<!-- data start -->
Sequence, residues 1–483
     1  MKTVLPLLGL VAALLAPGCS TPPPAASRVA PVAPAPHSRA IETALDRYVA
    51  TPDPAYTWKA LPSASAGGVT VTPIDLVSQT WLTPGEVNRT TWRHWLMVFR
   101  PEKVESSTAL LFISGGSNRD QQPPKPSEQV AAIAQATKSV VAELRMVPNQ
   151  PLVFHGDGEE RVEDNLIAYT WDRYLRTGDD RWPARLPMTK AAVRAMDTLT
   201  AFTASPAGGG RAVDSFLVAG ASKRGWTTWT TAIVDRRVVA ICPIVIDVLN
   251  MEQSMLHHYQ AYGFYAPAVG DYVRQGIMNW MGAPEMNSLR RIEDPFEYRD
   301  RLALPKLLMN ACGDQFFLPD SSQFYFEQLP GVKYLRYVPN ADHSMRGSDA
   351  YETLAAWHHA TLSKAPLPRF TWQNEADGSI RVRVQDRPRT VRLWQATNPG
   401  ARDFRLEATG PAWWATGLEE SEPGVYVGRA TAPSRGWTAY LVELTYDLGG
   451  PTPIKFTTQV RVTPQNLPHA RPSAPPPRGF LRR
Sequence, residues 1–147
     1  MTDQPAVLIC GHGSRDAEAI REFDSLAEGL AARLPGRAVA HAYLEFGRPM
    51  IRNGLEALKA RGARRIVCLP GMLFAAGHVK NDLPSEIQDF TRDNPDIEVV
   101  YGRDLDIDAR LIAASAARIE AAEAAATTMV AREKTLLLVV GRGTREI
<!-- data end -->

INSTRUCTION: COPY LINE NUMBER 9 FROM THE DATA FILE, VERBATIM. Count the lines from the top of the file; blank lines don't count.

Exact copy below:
   351  YETLAAWHHA TLSKAPLPRF TWQNEADGSI RVRVQDRPRT VRLWQATNPG